On learning photography and anything really
I started taking photographs because my brother did it and I wanted to see if I could do it too. I found it fun and interesting and in time it became a way of self expression. After several years it also became a source of income.
So how did I learn doing it?
I’m seeing my learning process as a journey that hasn’t ended yet. I started with nothing but curiosity, I made a lot of mistakes, met new people and learned to pay attention. And above all, I took a lot of photographs. Like, A LOT. But let’s start with the beginning.
I started with the basics
The most important thing when learning photography is to know these three elements of the camera – the aperture, the shutter speed, the ISO – and the relationship between them. But when I started I was too impatient, I wanted things then and there. After a long process of trial and error and a lot of frustration that the images in my head were miles away from the ones I actually made, I took learning the basics seriously. So I began reading books and I also took an online free class that explained all the technical things in an easy to digest way. And then a new world opened up to me.
Photographing was always fun for me and I believe we learn things faster and easier if we find joy and excitement in what we do. Like most beginner photographers, I started with macros of flowers, animals or random things I found on my way. I was always delighted and curious to discover the small worlds living around me and I never stopped playing.
I learned from others
As I moved along I decided I wanted to connect with other people who were doing the same thing. I also wanted to show my photos which I believed were amazing. Needles to say they pretty much sucked. Anyway, I started joining different photography forums and communities where I got a lot of feedback, I began consuming a lot of images and educated myself visually by learning how to look and analyse photographs. I also found out the camera is less important than what you do with it and that there were photographs that despite their perfect technical delivery didn’t have much else.
I tried different things and found out what I like.
As I started doing more and more photography and got a hang on how the camera works, I began playing with a lot of different photography genres and subjects. I photographed people and building and landscapes and food to discover that what really interested me were the people. Then I began photographing them in different settings. I went to concerts and tried event photography, I worked as a trainee for professional photographers and learned how to do wedding photography, I worked at a magazine and did some commercial photography. I also took a photojournalism class where I learned I didn’t want to do that, but I learned precious lessons on how to tell a story and how to look at things.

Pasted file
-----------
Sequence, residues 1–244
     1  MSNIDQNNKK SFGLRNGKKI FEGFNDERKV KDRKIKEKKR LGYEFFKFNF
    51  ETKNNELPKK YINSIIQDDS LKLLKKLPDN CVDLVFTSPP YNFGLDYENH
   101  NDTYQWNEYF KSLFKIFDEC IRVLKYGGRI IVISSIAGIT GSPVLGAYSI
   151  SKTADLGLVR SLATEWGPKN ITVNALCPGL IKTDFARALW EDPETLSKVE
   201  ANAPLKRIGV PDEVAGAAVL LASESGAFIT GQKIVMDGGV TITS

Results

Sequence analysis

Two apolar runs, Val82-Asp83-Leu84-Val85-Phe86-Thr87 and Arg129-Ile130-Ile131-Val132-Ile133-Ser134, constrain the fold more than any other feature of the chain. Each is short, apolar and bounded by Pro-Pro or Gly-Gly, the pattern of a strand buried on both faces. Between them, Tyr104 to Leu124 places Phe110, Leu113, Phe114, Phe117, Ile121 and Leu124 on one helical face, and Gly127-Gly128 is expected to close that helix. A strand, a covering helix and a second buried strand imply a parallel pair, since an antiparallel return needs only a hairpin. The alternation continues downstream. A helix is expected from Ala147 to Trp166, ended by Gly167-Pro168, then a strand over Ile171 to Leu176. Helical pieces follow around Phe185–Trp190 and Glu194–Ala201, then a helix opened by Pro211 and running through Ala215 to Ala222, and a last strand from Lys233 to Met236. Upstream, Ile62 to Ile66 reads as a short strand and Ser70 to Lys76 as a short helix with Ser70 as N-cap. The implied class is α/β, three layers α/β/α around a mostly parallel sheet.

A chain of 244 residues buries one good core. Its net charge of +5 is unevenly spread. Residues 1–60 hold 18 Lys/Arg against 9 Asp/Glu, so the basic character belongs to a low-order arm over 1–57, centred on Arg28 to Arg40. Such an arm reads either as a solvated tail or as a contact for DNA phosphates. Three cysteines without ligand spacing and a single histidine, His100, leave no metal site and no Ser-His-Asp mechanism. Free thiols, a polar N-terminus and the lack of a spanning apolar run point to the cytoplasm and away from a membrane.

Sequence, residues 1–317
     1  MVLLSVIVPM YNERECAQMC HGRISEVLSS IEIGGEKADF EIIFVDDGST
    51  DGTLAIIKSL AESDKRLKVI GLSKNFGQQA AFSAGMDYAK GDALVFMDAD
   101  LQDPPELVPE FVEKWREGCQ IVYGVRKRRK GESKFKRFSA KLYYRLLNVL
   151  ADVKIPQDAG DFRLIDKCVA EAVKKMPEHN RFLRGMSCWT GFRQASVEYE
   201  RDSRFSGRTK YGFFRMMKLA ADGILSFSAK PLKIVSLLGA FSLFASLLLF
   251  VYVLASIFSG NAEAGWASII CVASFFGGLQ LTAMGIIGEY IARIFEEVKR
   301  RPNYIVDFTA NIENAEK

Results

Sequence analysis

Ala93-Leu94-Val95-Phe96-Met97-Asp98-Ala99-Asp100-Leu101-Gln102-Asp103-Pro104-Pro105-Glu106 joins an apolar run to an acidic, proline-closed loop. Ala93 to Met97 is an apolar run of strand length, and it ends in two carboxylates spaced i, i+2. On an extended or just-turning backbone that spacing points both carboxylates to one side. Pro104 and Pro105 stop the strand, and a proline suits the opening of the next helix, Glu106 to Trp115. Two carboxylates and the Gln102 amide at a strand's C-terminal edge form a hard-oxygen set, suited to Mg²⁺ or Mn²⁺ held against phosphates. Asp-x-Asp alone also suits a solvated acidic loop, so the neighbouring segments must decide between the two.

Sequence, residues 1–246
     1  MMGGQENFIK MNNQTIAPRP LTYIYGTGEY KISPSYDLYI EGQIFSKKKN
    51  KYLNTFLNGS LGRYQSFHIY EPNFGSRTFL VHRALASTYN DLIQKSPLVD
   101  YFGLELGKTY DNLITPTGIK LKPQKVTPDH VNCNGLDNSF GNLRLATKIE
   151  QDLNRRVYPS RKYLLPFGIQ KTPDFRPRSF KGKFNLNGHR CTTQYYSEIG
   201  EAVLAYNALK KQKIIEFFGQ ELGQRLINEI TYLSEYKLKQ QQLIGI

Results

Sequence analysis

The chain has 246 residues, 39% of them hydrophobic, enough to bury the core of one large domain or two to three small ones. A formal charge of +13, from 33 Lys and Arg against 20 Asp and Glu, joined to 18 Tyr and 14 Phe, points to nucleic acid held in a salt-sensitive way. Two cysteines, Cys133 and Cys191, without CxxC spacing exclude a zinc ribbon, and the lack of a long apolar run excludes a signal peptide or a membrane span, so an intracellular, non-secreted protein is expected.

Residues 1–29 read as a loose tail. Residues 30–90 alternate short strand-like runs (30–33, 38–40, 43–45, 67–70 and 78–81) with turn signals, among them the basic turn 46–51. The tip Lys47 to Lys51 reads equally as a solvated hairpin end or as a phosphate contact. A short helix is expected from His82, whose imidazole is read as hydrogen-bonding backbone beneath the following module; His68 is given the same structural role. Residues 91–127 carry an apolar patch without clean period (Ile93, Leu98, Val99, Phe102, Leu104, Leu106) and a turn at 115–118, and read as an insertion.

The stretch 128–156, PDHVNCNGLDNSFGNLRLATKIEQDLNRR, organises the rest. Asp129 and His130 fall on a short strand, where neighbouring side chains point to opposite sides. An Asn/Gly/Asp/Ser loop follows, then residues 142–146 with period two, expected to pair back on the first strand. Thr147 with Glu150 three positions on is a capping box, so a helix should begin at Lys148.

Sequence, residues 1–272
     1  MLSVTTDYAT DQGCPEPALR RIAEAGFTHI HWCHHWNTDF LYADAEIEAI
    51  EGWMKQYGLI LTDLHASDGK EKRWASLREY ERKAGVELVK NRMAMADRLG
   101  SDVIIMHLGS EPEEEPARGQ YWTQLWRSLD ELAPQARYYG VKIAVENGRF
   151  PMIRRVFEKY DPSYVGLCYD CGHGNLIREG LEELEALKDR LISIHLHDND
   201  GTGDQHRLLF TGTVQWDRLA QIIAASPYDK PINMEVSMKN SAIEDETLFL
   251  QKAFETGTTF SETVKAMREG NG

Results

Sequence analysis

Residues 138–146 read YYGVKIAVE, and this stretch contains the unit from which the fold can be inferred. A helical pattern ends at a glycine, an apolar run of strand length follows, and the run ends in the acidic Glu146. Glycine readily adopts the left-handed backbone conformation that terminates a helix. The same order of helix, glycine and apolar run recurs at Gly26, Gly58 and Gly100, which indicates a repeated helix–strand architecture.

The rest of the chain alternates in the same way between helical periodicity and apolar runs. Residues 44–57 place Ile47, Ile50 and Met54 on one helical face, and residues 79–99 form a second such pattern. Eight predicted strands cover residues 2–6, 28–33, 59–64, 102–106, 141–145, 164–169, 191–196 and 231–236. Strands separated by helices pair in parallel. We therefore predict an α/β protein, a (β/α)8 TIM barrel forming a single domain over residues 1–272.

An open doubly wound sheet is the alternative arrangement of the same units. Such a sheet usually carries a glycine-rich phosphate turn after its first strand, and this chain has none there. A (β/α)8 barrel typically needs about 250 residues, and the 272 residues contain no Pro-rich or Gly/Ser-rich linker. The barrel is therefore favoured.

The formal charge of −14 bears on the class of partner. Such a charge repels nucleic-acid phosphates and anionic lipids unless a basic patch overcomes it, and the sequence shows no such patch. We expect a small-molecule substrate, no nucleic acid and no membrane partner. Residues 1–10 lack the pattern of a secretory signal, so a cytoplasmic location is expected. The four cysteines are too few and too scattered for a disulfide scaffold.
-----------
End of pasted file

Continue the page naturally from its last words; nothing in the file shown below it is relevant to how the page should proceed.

I practiced a lot
No matter what you want to learn, the thing that will bring you most knowledge is to do the actual work. No matter how much you read or look at what others do, nothing will teach you better than practice. This is how I learned how to use my camera, how to see the light, how to compose a photograph, how to be less shy around people and how to capture emotions.
I continued learning
I am a firm believer in the act of lifelong learning. I don’t think that once you’ve finished school or passed a certain age you stop learning. Now I’m in a point where I’m looking to expand my knowledge and learn new things. I want to study more about color and light, learn stuff from other fields and use that in my photographs.
Lastly, if there’s anything I want you to take out from this article is this: start small, practice a lot and try to keep it fun as much as possible.